President Donald Trump announced that the two countries had concluded military
deals worth $110 billion. While some of the agreement had been in the pipeline
for a long time and some are in their early stages, there is little doubt that
the Trump administration appreciates the importance of this aspect of the
relationship for more than one reason.
For starters, Trump and previous US
administrations have repeatedly urged their allies and partners in the region
and elsewhere to share more of the burden in terms of maintaining peace and
stability. Saudi Arabia has demonstrated in word and deed that it is fully
committed to playing a leading role in helping bring stability back to a region
that has been ravaged by political violence and terrorist activities since
To that end, the Kingdom is supporting the
internationally recognized Yemeni government as it tries to regain control of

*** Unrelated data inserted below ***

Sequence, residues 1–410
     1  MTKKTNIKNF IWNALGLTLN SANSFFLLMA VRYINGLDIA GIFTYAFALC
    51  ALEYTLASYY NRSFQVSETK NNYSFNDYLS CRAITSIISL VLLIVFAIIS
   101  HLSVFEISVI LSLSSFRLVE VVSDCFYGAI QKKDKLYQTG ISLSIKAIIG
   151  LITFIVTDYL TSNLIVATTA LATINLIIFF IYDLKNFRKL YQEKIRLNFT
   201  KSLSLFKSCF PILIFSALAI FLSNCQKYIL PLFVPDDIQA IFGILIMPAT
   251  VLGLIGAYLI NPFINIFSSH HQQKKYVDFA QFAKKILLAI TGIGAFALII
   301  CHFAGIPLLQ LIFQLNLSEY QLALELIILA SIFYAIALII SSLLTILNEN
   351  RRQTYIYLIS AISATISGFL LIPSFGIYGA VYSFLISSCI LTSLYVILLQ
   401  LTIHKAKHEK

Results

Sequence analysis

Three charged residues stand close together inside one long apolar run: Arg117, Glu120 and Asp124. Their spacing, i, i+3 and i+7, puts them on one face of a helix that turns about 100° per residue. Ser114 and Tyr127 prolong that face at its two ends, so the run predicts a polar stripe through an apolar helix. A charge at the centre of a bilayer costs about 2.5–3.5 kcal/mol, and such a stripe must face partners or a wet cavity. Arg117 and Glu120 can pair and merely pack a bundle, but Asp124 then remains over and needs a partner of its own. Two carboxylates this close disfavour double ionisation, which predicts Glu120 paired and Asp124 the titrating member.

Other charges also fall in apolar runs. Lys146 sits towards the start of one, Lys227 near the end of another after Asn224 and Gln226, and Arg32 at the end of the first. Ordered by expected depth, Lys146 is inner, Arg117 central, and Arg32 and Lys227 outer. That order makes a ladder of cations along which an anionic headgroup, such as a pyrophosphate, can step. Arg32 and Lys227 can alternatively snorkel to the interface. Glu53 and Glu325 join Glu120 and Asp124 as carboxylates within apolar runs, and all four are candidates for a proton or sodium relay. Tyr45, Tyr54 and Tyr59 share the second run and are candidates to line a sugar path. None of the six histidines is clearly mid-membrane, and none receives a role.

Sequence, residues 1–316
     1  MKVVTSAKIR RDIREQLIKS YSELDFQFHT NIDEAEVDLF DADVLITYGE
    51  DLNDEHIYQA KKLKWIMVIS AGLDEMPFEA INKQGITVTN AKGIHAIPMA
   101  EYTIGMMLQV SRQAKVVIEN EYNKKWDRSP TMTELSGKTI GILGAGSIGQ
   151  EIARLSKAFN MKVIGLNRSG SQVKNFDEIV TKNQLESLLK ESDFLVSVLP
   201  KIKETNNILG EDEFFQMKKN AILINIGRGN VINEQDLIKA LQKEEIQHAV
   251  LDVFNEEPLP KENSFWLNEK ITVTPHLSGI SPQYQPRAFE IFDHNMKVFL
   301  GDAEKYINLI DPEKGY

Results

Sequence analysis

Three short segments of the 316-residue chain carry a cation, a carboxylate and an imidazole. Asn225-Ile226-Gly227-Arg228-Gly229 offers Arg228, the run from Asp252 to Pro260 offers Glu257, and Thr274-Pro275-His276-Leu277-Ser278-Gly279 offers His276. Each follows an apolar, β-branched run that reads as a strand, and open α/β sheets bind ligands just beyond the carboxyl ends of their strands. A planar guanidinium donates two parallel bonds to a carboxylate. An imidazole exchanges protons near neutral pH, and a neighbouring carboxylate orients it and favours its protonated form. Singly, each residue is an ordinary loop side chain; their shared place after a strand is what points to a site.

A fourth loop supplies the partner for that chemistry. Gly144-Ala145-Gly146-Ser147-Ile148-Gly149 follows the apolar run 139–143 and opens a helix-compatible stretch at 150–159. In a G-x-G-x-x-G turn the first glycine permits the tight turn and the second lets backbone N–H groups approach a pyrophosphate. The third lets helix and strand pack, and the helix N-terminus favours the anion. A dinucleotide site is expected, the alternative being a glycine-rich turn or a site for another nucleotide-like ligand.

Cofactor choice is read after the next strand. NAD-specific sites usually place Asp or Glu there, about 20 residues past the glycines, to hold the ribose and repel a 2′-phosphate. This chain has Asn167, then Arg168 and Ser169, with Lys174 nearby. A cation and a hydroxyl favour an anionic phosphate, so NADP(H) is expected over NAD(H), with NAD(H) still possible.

Sanaa and other territories captured by Iran-backed Houthi rebels and their
allies, including supporters of ousted President Ali Abdullah Saleh.
Saudi Arabia also established an Islamic
Military Coalition Against Terrorism in late 2015, which seeks to defeat
terrorist groups such as Daesh by utilizing the varied capabilities of those
who have suffered the most from terrorism: Muslim-majority countries.
Since his inauguration in January, Trump
and his administration have lauded Saudi leadership in the Arab and Muslim
worlds. The White House has also praised the multidimensional bilateral relationship,
including economic cooperation, trade and investment. In that regard, Trump in
Riyadh reminded Americans that the arms sales agreed to in the Saudi capital
will create “thousands” of jobs in the defence industry in the US.
Saudi officials ensured that many of the
agreements will also create jobs in the Kingdom, and that they will advance the
transfer of technological knowhow. As far as the US and Saudi political